In my opinion, a short story is more difficult to write than a novel because you’ve only got about twenty or so pages to fully convey plot, character and setting with enough skill to emotionally engage your reader and spin a memorable tale. There’s a lot more wiggle room in a novel, more set-up time, more space to expand and flesh out. While writing a novel poses its own challenges, short stories aren’t “easier” just because they’re short. 

For authors, short fiction offers several benefits. Anthologies are a “sampler platter” where readers who might not take a chance on a full novel from an unknown author can take your writing out for a low-risk test drive to decide if they want to go further. Depending on the anthology, short stories can also provide a nice advance check—from hundreds to thousands of dollars. Being in an anthology can put an author in esteemed company, a nice boost for a new author to be among more established peers. And as in my own experience, a successful short story can spawn a new novel or series. Not only that, but short stories allow an author room to experiment with concepts and characters that may not warrant a whole novel, but are interesting to explore. They permit an author to grow and stretch. 

The two series of short stories I publish direct to Kindle, Kobo and Nook gives me the ability to keep a narrative going in two worlds that weaves around and in-between my books. My Jonmarc Vahanian Adventures series explores the background of a popular character from my Chronicles of the Necromancer books, essentially building a prequel one story at a time. Likewise, my Deadly Curiosities Adventures are tied in to my new “Deadly Curiosities” urban fantasy Plus, writing to the theme of an anthology is just plain fun, forcing me outside my normal comfort zone.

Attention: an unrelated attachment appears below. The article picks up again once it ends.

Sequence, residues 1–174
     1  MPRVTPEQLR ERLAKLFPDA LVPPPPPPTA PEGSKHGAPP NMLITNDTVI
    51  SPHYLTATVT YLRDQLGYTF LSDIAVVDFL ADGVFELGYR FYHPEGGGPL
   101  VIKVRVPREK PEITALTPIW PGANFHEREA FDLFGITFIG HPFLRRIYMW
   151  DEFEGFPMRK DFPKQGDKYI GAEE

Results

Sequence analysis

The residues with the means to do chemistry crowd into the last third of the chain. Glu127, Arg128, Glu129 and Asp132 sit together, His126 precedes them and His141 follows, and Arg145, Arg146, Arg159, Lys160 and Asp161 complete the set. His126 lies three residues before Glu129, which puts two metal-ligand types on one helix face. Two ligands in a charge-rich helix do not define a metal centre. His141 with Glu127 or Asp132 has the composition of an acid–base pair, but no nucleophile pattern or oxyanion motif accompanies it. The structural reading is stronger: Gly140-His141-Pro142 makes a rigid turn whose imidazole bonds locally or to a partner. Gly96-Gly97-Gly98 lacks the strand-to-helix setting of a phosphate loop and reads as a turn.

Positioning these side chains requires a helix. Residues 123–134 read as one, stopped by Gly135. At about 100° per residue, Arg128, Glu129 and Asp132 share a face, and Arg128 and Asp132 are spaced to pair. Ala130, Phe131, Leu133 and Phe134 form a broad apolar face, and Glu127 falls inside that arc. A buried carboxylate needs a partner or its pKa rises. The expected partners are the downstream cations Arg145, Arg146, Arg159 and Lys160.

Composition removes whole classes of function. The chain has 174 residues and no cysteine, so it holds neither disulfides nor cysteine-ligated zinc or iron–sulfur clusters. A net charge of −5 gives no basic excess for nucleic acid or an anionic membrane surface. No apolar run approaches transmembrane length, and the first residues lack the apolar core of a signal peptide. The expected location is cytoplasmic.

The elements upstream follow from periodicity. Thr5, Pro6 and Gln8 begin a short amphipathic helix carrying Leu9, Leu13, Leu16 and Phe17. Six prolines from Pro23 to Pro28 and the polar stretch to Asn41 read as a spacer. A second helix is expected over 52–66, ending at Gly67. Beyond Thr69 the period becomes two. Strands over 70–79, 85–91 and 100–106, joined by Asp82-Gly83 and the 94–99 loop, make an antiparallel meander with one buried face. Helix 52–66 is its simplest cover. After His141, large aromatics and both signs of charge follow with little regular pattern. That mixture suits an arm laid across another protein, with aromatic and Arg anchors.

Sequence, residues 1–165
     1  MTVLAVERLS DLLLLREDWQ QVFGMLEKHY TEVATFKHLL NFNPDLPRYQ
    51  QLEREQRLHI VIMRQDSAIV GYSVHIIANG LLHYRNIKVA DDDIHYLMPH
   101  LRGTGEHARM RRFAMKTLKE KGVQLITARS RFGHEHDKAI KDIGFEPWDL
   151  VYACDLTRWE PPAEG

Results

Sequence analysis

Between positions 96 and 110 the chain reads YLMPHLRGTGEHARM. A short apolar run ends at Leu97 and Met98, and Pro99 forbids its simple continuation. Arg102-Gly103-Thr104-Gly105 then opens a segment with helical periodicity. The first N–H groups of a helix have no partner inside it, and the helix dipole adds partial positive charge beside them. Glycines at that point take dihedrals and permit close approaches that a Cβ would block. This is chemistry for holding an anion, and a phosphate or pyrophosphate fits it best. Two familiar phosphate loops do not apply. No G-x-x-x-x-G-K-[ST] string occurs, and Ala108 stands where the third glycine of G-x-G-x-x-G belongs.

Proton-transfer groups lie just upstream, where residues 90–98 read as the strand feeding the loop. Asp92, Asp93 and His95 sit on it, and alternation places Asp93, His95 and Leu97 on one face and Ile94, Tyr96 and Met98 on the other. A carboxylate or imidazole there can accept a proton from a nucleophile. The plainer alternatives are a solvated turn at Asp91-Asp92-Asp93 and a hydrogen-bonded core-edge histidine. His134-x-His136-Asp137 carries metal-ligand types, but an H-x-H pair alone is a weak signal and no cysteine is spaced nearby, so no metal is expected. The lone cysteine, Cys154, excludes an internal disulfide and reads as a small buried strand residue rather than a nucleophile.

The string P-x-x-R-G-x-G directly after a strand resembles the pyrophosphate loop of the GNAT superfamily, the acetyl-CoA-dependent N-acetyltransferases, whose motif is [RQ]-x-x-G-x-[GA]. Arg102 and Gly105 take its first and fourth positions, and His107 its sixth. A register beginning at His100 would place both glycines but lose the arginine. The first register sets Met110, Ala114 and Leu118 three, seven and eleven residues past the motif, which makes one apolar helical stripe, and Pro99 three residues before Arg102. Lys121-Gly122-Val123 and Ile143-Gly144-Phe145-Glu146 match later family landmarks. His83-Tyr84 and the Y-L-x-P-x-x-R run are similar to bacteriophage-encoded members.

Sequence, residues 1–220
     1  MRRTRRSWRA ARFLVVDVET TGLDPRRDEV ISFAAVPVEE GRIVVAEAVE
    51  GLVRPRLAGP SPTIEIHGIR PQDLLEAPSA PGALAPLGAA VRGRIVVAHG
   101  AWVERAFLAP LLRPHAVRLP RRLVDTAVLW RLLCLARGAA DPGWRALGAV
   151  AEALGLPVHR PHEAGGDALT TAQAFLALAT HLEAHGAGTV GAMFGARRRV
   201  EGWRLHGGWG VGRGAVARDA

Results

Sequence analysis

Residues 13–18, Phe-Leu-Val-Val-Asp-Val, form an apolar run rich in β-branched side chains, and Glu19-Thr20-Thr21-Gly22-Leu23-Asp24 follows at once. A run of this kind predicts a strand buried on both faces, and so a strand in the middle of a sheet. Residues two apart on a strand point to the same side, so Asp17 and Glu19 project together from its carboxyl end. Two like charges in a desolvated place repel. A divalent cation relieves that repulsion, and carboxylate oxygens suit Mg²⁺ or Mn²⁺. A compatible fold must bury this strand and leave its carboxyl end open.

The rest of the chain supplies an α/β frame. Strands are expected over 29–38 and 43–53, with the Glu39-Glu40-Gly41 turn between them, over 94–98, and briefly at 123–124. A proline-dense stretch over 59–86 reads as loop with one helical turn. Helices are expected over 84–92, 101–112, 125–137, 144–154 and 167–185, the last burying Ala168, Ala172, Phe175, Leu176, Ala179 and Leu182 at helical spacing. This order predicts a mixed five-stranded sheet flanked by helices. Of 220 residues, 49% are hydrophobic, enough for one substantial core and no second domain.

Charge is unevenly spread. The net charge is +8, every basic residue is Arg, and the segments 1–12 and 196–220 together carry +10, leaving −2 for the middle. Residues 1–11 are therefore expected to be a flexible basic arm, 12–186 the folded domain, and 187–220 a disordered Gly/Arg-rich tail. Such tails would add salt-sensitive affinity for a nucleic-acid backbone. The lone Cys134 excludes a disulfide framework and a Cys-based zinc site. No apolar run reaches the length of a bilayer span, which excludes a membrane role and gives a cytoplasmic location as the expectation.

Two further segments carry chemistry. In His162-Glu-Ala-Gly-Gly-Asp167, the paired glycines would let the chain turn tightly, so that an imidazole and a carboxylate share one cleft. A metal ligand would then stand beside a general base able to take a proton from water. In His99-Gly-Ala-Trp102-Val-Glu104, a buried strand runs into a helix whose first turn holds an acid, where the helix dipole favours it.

For readers, short stories have that “sampler platter” benefit in reverse, providing access to bite-sized fiction by authors you might have heard about but not tried yet. It’s a great way to discover a new author without committing to an entire book. Themed anthologies can be lots of fun as you see authors create stories with unique variations on the central concept. And as many readers tell me, short stories are nice to read on a commute because they don’t leave you hanging mid-chapter until the end of the work day! 

There seems to be some debate on whether or not anthologies are good for publishers. Magazines of short fiction have certainly seen a tough market, with many long-established publications going out of business, moving completely online, decreasing the number of issues per year or raising prices to make up for a diminished readership. Editorial cut-backs at the big publishers have left editors with less time to take on anthology projects, and budget constraints have made the big publishers wary of projects that don’t have slam-dunk potential.